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Cutting Defense Cuts

May 10, 2011 - by Donny Shaw

The Washington Post had an important article yesterday reminding us how hard it is for Congress to think independently about spending cuts when it affects politically-active corporations:

Lawmakers overseeing defense spending are moving to block or modify deep cuts proposed by Defense Secretary Robert M. Gates, setting up a key vote this week that could help determine the success of the administration’s attempt to shrink the Pentagon’s budget.

Excluding the wars in Afghanistan and Iraq, the administration has proposed a $553 billion budget for the Pentagon next year — less than a 1 percent increase over what it requested for 2011 — and the House Armed Services Committee is expected to vote this week on the fiscal 2012 defense authorization bill.

But the panel’s subcommittees last week voted to prohibit a proposed increase in fees paid by retired service personnel for Tricare, the military’s health program; set the stage for possible recompetition of the controversial engine for the Air Force F-35 Joint Strike Fighter; and required studies before the Marine Corps can go ahead with a new proposed amphibious landing craft to replace the multibillion-dollar Expeditionary Fighting Vehicle (EFV).

The subcommittees have also added funds to programs that the Pentagon did not seek. For example, $425 million has been added to the proposed budget to keep production lines open for the Bradley Fighting Vehicle and the Abrams M1 tank. The Pentagon had proposed shutting down those lines for three years to save money.

According to the Center for Responsive Politics, the Defense sector gave $22.5 million to Congress in 2010 and spent another $145 million on lobbying. Rep. Buck McKeon [R, CA-25], the Armed Services Committee Chairman who is quoted in the WaPo article defending the spending, has taken $429,250 from the Defense Aerospace industry over the course of his career. In the 2010 cycle he took $336,500 from the Defense sector, the most of any current member of Congress.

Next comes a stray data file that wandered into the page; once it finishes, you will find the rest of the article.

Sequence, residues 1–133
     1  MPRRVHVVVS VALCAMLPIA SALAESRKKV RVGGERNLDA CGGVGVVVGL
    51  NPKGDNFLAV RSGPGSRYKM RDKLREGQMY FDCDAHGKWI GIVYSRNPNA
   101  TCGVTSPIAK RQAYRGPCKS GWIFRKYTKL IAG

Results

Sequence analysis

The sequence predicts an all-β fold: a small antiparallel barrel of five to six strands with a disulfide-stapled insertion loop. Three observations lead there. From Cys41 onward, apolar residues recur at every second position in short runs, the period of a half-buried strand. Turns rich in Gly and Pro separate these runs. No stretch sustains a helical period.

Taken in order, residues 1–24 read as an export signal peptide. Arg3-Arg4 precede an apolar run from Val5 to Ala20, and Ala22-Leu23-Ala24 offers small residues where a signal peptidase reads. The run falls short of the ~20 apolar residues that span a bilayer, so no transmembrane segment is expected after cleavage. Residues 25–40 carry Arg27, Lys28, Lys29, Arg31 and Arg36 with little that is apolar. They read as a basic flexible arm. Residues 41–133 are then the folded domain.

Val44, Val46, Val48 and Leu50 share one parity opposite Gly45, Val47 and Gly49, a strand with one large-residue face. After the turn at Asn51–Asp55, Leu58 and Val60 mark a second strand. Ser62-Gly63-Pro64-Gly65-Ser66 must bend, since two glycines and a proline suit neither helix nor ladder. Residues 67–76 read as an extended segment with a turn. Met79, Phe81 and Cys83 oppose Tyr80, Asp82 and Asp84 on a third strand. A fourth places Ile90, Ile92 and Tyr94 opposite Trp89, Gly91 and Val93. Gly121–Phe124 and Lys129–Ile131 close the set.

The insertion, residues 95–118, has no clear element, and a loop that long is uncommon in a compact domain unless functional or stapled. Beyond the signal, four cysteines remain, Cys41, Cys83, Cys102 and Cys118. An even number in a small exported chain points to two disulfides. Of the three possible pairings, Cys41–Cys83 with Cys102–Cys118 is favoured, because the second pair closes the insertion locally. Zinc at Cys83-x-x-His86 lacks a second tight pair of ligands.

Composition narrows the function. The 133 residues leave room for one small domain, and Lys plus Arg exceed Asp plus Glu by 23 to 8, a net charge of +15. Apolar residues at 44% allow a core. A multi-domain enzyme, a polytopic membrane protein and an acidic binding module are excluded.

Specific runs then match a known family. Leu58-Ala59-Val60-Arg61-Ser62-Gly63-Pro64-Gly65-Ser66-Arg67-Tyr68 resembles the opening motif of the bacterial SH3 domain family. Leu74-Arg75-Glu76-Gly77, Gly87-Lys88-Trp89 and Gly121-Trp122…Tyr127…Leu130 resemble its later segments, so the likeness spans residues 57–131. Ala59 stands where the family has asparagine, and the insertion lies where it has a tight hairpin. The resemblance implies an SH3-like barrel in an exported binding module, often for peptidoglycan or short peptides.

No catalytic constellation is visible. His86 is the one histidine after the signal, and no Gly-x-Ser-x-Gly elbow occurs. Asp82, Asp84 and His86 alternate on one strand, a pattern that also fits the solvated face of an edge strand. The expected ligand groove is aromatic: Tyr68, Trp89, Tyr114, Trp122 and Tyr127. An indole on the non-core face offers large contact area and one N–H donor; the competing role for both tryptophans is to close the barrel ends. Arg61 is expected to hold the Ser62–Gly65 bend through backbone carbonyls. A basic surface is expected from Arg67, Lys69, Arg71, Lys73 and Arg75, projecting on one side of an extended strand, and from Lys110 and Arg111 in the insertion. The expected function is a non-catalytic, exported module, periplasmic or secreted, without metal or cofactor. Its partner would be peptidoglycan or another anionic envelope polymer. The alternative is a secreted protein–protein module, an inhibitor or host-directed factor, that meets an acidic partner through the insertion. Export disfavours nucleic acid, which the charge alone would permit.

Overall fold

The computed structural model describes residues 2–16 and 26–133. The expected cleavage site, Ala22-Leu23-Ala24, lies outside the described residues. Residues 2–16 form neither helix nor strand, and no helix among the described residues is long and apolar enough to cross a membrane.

House Speaker Rep. John Boehner [R, OH-8] is talking about wanting to cut trillions — “not just billions” — of spending in order to reduce the long-term debt. But I don’t know how he expects to get there when Congress can’t even get a few billion in cuts to the largest federal agency through the appropriations process. If the Republicans insist on cutting spending generally while continuing to increase the military budget, all the tough decisions are going come down on services used by ordinary citizens, and none on the billions being sucked up by Defense contractors. Will Boehner step up and here and tell the Defense appropriators to sacrifice their pork for the greater good? I doubt it. Some of the contractors that stand to benefit the most from these defense spending items are located in Boehner’s district and he has long advocated for their continued funding.

McKeon is pictured above. 

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